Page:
PENFIELD – As Memorial Day weekend approaches, the traditional start of the summer camping season will begin as well. But, campers are reminded that moving firewood is the single biggest reason that many invasive insects are spreading throughout Pennsylvania, threatening the forests that provide such wonderful opportunities for both recreation and local economies. This is also “Emerald Ash Borer Awareness Week” in Pennsylvania. Some of these invasive insects, such as the Emerald Ash Borer- a native to Asia found in Pennsylvania in 2007, have been spreading rapidly and have prompted the Department of Agriculture to issue a quarantine on certain wood products and on firewood. So campers should be aware of which counties have been included in the quarantine, and check often as counties could be added weekly as scientists determine where the insects are currently located. Right now, no firewood may be transported across state lines, and firewood may not be moved in/from the following 12 Pennsylvania counties: Allegheny, Armstrong, Beaver, Bedford, Butler, Indiana, Juniata, Lawrence, Mercer, Mifflin, Washington, and Westmoreland. For updates to the quarantine list, you may check with the Department of Agriculture at: www.agriculture.state.pa.us and search “Emerald Ash Borer”. In several counties, crews again this year have already begun to hang purple traps in ash trees, often seen from roadways, which are monitored all summer, removed in August, and help the Department of Agriculture determine where the Emerald Ash Borer is present.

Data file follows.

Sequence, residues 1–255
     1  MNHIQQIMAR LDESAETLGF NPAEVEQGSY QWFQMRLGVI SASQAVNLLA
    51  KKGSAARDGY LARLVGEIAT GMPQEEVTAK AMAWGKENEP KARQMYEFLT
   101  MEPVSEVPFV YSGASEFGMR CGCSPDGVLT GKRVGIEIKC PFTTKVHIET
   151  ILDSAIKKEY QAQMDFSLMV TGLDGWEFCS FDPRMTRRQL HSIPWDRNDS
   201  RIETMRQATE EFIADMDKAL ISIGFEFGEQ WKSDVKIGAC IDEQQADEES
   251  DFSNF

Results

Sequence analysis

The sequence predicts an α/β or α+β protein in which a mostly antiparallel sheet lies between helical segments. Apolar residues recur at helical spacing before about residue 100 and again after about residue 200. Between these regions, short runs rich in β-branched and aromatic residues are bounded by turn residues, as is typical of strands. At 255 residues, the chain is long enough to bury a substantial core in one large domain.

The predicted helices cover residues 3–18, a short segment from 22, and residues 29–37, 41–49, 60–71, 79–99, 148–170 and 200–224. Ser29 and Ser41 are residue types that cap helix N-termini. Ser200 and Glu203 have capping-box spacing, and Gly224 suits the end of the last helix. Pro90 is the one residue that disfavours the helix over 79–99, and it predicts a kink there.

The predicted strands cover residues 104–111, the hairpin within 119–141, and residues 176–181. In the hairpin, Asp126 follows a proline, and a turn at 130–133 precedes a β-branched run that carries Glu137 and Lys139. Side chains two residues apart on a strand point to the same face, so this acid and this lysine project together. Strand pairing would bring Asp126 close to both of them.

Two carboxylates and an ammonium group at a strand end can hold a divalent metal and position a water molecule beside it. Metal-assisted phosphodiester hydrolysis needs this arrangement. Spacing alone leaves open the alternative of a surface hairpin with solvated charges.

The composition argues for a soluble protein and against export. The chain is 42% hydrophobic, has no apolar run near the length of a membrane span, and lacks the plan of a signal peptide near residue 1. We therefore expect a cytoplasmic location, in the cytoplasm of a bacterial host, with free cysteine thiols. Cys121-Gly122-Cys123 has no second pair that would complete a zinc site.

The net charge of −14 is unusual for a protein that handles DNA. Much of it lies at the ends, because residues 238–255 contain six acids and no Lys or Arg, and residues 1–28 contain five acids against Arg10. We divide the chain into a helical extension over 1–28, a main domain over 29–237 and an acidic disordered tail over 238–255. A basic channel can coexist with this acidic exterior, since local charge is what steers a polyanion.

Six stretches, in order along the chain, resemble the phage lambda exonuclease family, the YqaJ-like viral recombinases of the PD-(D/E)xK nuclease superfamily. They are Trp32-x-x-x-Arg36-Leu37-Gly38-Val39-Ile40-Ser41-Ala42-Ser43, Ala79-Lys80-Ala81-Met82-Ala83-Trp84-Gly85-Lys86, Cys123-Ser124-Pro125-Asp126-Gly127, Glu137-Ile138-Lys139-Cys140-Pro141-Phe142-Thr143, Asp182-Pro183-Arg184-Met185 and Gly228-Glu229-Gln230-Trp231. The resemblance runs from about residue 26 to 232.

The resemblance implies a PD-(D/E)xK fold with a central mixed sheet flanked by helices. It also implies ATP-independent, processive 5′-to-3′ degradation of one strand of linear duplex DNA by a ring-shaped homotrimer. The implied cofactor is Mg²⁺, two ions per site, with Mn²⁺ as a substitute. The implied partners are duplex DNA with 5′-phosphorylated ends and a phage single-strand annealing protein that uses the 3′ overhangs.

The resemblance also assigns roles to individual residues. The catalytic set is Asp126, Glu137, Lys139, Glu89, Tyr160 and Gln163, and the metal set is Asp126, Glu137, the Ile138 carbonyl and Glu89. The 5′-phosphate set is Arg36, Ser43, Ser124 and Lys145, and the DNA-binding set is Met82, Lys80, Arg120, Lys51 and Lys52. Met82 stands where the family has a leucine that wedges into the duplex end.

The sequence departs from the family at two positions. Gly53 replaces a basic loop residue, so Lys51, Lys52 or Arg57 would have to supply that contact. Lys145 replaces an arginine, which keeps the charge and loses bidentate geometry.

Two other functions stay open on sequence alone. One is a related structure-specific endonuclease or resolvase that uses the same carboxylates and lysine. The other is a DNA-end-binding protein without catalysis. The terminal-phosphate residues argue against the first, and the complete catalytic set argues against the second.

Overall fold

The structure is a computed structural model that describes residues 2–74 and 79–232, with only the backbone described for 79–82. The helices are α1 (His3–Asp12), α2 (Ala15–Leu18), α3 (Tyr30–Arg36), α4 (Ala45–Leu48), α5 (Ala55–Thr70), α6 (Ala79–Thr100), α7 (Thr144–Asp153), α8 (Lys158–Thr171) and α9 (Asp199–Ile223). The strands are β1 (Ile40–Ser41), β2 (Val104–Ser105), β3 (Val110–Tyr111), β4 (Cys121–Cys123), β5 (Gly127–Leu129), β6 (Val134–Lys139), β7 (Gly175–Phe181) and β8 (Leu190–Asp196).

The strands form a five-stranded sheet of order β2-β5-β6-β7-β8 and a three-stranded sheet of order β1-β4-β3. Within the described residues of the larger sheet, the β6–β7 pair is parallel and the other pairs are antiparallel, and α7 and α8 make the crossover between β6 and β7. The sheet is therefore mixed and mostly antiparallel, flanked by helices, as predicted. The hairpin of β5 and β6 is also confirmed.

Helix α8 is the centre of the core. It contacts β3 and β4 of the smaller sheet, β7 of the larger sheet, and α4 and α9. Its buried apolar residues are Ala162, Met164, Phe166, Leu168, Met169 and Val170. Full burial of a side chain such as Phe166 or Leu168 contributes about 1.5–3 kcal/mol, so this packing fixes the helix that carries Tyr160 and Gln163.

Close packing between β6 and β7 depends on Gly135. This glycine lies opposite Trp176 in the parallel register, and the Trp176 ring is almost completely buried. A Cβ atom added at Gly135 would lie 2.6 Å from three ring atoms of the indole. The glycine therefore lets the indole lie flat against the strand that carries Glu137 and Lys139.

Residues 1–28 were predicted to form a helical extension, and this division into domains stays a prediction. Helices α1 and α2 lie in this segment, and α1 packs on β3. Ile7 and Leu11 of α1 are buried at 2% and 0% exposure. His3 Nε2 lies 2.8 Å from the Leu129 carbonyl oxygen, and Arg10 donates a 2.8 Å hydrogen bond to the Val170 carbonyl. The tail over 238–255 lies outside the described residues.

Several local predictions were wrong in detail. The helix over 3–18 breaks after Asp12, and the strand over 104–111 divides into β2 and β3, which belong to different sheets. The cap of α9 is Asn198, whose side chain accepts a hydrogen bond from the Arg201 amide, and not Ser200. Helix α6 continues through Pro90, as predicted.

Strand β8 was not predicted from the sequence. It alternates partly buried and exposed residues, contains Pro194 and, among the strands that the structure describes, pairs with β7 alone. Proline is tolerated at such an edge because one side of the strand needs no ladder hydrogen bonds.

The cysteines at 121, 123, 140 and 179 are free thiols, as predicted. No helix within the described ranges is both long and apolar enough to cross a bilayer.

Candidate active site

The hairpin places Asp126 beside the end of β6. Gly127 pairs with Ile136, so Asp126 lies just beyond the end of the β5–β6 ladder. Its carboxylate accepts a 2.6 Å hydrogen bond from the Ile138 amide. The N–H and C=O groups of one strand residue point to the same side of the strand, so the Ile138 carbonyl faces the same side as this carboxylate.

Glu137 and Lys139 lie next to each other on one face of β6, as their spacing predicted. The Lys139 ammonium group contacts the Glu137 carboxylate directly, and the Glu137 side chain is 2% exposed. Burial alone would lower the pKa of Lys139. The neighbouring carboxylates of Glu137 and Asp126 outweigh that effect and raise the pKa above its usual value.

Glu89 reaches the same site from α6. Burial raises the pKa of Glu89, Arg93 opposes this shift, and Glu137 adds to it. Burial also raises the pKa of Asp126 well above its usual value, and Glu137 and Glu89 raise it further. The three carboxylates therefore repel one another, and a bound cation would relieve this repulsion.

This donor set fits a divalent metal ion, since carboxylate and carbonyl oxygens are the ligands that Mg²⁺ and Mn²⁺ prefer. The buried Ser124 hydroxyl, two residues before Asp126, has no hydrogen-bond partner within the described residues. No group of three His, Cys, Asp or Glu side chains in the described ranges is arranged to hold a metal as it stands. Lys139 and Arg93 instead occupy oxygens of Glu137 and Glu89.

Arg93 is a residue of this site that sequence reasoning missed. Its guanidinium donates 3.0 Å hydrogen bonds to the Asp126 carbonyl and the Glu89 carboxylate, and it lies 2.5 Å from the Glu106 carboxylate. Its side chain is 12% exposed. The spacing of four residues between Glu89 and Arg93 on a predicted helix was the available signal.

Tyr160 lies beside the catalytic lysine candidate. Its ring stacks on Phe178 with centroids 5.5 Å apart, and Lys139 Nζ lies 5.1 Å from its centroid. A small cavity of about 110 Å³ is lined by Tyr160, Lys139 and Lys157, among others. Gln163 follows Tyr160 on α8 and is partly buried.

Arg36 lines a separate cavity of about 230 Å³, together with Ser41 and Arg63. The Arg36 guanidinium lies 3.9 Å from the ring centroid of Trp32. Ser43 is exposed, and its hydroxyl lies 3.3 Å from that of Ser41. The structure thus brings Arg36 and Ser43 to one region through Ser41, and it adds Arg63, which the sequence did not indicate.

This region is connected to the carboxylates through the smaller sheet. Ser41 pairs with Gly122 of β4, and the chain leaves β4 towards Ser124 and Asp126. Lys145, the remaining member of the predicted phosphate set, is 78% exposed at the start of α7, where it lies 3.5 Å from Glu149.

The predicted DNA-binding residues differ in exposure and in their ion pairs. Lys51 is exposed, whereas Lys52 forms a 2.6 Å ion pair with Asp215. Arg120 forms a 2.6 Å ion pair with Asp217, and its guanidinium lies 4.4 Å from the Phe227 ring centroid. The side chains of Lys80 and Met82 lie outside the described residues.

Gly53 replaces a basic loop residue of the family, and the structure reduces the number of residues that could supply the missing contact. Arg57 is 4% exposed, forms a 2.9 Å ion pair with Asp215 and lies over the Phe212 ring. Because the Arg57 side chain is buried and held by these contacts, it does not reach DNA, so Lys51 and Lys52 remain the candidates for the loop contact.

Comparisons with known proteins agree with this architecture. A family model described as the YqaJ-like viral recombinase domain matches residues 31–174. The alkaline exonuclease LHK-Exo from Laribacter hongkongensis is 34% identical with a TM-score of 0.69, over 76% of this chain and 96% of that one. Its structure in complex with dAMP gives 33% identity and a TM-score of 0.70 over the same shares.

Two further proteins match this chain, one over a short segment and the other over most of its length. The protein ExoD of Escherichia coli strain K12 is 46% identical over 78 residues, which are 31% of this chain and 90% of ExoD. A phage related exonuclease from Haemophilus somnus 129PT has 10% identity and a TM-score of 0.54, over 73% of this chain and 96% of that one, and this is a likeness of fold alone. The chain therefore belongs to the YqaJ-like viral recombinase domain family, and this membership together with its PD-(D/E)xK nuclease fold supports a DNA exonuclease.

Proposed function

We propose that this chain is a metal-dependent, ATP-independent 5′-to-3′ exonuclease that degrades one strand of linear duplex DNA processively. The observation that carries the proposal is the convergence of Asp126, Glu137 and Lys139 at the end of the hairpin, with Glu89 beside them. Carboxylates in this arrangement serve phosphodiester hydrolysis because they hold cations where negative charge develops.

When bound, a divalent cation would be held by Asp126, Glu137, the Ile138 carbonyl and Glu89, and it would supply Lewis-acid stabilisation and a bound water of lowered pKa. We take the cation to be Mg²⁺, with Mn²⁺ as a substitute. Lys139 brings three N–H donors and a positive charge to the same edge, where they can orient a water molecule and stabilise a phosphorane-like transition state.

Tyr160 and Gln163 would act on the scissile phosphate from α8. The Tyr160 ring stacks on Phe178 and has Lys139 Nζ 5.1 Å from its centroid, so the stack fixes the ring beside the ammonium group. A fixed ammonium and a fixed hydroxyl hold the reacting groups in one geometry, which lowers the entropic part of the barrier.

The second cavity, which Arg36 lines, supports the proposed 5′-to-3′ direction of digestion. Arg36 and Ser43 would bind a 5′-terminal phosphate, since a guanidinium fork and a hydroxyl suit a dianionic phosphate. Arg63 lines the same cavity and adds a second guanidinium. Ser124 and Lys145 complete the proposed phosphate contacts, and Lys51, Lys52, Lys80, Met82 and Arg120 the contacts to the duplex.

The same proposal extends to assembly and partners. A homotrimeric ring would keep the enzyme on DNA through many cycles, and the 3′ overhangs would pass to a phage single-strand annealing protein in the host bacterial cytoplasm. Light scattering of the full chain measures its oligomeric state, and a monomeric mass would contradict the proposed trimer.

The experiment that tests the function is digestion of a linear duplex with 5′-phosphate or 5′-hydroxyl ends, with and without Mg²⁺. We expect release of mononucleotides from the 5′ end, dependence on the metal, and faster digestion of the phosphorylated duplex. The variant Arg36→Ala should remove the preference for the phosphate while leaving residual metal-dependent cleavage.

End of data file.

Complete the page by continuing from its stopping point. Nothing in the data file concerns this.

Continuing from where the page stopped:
Residents and visitors should only use local firewood, burn all firewood on-site, and not move firewood to new locations. Every Pennsylvania citizen should be doing their part to help conserve the forest resources of the state, not just those in the quarantined counties. Please contact the park office of your state park destinations and find out where you can buy local firewood. Without care and consideration of the quarantine, Pennsylvania forests could face the same destruction that has been seen by several other states, where several million trees have already died because of the Emerald Ash Borer.